Supermarkets could be far less inclined to build up so-called landbanks if proposed radical changes to England's planning regime go ahead.

Charges will be heaped upon any empty site or undeveloped brownfield land if the government follows the recommendations of the Barker Report, published this week. The report also wants the existing business rate relief for empty sites to be reformed.

Between them, the big four are estimated to own more than 300 unused and undeveloped sites - with Tesco boasting the biggest single holding.

Critics say powerful retailers - particularly Tesco - leave these sites undeveloped to prevent rivals building stores near their own - a claim refuted by the UK's biggest retailer.

Tesco said the undeveloped sites it held resulted from a lack of planning approval. "We don't bank land, it's not a good use of money," said a spokesman.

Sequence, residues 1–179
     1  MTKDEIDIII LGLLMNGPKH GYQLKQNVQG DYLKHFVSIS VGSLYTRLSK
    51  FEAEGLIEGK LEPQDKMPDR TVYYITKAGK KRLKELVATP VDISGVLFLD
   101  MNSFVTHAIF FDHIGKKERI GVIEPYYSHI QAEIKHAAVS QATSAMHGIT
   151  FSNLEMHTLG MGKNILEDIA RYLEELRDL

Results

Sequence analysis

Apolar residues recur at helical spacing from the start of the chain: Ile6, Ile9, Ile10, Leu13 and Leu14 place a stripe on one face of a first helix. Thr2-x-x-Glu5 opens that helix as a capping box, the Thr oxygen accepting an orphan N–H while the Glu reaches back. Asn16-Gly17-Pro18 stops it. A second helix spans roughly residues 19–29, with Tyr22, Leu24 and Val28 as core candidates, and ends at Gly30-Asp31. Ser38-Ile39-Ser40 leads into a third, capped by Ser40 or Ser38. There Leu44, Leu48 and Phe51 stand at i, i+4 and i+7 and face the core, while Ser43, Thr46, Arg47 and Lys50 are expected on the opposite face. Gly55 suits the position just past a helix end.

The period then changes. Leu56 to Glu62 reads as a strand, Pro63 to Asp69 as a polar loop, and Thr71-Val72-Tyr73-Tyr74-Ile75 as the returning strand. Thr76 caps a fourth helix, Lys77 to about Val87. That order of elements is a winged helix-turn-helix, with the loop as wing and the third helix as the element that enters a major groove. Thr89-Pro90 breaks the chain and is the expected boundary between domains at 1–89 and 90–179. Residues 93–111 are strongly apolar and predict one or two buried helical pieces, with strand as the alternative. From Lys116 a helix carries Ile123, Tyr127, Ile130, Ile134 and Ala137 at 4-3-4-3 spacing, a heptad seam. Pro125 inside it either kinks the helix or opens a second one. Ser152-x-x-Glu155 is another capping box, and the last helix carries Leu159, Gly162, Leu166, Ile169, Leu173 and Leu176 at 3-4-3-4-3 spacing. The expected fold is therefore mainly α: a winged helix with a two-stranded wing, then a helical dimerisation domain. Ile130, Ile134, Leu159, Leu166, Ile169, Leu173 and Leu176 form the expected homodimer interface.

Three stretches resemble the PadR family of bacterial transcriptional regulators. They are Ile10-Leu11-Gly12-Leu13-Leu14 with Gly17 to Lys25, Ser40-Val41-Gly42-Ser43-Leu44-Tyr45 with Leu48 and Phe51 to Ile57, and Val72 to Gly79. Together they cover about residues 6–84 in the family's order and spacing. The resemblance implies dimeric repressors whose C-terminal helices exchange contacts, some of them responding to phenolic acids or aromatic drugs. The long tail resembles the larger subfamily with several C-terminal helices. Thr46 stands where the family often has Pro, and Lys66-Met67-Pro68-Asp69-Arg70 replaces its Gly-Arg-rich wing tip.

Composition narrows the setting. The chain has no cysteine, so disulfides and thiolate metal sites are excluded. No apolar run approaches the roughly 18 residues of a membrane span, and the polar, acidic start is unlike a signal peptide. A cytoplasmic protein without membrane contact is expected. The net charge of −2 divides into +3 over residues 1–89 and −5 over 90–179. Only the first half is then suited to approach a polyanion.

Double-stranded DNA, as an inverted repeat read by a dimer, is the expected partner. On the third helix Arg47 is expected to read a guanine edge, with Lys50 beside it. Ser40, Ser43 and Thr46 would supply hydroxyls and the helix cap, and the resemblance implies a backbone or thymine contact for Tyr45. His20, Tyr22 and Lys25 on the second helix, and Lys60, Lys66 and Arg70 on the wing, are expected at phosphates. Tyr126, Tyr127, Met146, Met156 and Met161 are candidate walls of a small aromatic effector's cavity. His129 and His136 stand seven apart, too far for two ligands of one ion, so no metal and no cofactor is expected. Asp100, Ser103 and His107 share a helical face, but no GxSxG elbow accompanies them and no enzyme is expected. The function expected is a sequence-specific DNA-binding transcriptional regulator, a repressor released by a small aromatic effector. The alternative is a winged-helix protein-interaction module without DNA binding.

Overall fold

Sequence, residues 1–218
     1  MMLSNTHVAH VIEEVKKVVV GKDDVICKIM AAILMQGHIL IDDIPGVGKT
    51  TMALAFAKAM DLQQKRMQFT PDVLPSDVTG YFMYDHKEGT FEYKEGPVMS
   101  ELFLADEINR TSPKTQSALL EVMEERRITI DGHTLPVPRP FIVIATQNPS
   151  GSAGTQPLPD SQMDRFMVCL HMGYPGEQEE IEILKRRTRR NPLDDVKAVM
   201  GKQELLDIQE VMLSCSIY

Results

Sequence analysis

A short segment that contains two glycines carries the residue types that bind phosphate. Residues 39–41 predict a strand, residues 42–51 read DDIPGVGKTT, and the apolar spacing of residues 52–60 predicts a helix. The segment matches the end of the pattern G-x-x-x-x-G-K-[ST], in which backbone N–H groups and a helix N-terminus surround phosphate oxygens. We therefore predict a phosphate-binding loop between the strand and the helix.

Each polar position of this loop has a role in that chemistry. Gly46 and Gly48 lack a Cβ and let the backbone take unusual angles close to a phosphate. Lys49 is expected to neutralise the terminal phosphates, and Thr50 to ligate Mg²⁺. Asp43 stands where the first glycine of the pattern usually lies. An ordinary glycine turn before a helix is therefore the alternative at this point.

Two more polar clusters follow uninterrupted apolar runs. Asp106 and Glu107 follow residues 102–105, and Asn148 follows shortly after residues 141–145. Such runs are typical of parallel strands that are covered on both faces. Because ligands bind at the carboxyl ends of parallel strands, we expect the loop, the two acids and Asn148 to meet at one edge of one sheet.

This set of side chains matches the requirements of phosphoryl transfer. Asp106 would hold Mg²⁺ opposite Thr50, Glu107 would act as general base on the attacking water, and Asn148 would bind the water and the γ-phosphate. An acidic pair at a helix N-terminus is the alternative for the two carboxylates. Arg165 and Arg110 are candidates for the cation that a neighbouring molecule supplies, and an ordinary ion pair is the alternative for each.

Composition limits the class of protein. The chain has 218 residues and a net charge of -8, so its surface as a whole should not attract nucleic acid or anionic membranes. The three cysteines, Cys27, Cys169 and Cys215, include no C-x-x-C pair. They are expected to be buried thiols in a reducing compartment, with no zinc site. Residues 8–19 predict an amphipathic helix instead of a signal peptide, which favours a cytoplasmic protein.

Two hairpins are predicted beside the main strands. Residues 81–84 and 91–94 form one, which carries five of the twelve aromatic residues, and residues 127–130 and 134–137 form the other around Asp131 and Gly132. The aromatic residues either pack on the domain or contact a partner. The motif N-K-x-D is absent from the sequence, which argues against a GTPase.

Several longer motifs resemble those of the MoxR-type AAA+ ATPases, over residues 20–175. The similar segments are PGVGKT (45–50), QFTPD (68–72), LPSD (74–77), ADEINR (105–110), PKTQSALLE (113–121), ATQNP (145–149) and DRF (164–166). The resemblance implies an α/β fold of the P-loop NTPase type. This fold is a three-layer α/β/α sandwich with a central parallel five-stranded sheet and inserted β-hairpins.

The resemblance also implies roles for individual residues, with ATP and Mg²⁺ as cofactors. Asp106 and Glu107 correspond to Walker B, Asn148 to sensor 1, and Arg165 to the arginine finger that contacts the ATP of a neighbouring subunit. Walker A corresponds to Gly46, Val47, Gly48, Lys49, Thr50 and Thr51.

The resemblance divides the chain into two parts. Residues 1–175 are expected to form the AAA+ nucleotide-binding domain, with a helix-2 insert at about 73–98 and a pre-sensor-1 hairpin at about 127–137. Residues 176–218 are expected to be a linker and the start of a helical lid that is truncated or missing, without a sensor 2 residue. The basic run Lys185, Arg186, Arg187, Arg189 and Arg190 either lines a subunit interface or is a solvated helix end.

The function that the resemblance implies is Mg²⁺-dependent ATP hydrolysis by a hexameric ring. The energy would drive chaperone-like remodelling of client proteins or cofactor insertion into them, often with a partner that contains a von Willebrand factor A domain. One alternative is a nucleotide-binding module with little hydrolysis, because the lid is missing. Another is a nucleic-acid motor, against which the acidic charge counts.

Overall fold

"All the land we have is for development. If they are not going to speed up the planning process, it's not right to tax people."

Report author and economist Kate Barker agreed with Tesco that the speed of the planning process was an issue - and also said it was expensive and bureaucratic.

Her report recommends ways to streamline the planning process and improve speed, transparency and ­efficiency.

One proposal is to remove the 'needs test' - the controversial and costly requirement for developers to demonstrate a need for a scheme, such as a supermarket, in an area.

The report says each test can cost upwards of £50,000, adding: "Investors who are risking their capital and whose business it is to assess likely customer demand are better placed than local authorities to determine the nature and scale of demand."

Asda said the recommendations could help clear the path for future store development.

"We have argued against the needs-based test, it was in our submission to the Competition Commission," said a spokesman.

"We are still working our way through the report but at first glance it is very encouraging."

But the Association of Convenience Stores said if the government adopted the report's recommendations this would simply further the "ceaseless development" of the big four.